I went to sleep in London last night making the reasonable assumption that the election would bear out the predictions of many polls. Like so many people, how wrong I was.
I’m in London for the BCI World Summit, where I delivered the opening keynote address yesterday morning. Over the afternoon and evening, conversations between sessions often turned to Trump. People wanted to know: Was Trump a gray rhino or black swan?
I define gray rhinos as highly probable, high impact threats. Trump’s candidacy and initial success started as a highly improbable black swan. But, like most black swans, it was driven by gray rhinos, as I wrote this summer: the profound discontent of people left behind by a swelling stock market and stagnant wages, by bailouts of banks but not underwater mortgage owners, by economic anxieties directed toward globalization, immigrants and minorities.
As the primaries advanced and poll numbers accumulated, his primary victory morphed from black swan to gray rhino. The writing was on the wall that he would become the Republican nominee. But it was hard to say that it was either highly probable or highly improbable that he would win the election.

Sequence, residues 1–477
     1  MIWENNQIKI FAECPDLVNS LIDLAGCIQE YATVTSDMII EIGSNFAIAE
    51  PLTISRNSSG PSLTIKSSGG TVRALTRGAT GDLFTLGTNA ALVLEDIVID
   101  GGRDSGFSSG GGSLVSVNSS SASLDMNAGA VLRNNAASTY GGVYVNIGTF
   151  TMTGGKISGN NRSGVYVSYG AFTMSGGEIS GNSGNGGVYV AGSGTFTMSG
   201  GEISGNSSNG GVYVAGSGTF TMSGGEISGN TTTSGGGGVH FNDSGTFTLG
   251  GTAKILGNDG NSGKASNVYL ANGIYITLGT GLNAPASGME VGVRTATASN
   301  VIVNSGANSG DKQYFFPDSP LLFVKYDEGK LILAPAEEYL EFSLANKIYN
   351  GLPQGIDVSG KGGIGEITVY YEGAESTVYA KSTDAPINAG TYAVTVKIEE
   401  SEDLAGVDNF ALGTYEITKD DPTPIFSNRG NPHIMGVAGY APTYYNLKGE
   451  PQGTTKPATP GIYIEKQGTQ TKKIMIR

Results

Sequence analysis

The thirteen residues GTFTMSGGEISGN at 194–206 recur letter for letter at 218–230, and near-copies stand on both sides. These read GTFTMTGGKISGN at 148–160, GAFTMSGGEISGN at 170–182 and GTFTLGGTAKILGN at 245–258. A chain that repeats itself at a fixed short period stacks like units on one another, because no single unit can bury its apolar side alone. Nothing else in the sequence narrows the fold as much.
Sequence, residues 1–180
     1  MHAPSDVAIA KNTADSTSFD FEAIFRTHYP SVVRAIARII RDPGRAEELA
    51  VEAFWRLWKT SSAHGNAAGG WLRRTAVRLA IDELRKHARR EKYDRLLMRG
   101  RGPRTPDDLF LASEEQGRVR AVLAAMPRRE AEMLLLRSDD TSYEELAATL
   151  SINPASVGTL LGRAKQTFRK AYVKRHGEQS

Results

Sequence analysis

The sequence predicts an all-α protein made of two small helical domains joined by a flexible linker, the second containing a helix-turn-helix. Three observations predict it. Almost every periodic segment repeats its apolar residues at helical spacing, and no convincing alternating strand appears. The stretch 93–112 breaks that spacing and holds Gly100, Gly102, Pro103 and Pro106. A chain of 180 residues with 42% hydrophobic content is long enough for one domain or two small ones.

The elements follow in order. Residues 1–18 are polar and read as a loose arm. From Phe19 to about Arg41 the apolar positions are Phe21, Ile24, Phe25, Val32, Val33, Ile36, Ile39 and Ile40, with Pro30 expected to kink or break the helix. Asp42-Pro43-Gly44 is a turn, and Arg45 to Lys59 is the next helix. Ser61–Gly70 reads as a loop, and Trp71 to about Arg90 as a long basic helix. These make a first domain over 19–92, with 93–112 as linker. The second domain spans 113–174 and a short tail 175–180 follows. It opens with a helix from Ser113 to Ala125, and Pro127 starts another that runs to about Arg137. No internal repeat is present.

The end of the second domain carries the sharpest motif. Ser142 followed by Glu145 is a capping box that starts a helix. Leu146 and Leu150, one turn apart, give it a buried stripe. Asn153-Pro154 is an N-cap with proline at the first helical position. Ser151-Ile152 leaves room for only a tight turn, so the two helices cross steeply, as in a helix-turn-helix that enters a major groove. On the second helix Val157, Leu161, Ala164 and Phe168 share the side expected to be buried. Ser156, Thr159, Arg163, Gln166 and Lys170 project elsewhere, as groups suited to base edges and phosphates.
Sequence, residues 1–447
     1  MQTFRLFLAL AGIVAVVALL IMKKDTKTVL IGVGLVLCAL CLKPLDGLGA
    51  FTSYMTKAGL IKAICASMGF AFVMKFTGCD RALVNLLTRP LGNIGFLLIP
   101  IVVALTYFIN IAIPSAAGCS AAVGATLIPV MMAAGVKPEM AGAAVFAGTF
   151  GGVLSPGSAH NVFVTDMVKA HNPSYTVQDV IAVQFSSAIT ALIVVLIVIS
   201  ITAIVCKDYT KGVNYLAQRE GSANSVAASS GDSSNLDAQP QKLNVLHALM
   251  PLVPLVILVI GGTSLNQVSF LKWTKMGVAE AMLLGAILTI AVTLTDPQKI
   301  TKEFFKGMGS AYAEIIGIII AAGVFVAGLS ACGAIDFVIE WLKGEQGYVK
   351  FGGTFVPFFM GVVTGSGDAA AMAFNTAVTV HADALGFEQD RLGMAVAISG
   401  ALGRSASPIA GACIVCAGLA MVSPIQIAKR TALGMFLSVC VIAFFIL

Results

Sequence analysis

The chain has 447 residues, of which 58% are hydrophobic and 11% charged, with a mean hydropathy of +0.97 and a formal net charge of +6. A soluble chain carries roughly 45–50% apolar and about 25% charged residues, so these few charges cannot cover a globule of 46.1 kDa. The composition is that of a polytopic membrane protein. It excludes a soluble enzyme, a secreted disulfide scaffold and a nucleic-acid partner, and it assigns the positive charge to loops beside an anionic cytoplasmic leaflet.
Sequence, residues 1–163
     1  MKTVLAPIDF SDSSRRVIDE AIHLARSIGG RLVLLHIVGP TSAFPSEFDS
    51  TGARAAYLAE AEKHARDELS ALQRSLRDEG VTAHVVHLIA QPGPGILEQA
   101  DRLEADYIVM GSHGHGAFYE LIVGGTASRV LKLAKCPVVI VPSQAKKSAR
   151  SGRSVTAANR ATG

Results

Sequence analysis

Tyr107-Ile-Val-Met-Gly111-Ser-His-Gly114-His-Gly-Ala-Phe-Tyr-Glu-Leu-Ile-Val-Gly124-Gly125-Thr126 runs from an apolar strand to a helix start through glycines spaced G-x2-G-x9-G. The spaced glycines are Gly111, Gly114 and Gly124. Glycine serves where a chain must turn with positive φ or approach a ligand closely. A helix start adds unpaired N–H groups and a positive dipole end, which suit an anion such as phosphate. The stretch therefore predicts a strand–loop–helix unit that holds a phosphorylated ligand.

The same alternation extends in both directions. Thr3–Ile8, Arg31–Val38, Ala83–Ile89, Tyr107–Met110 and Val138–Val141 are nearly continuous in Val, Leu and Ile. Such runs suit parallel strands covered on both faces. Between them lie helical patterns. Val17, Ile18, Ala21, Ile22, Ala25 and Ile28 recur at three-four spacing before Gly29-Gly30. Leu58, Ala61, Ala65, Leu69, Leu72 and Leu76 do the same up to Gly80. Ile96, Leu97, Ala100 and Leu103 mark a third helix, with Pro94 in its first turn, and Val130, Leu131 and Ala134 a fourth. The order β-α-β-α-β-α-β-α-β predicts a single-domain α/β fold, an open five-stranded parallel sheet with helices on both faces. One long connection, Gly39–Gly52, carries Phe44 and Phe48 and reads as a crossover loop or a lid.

As the election approached, his poll numbers fluctuated wildly. Though a few polls gave him a slim victory at times, at his lows he registered less than a 10 percent chance of winning. The 11th hour FBI announcements about a new investigation related to Hillary Clinton’s emails bumped him up, but even so the odds remained against him, though not by nearly as much.
On Election Day, the Upshot described the odds of a Trump win as similar to the odds of an NFL kicker missing a 37-yard field goal. That’s not hugely probable, but not highly improbable either, and hardly impossible. Nate Silver’s site, FiveThirtyEight, which combines and filters poll results, predicted CIinton as a 72 percent favorite on the eve of the election.
Then again, there were outlier predictions that turned out to be spot-on. An artificial intelligence tool, MoglA developed by fellow Young Global Leader Sanjiv Rai, predicted the Trump victory. So did Professor Allan J Lichtman, who has correctly predicted the popular vote in historical elections.
The New York Times had a good piece this morning on the failure of polls to predict accurately.
Thus, it’s arguable that Trump’s ultimate victory was either, or neither, a black swan or a gray rhino.
It’s safe to say, however, that predicting as usual lost the election, and a day of reckoning is here for how we choose our information sources. To clearly see what’s in front of us, we need to do better at sorting through the information around us – a “meta gray rhino” challenge.
I’ll leave thoughts on what a Trump presidency would bring to further posts, but my summer prediction about the gray rhinos that created him stands: they are here to stay, and are in urgent need of wrangling.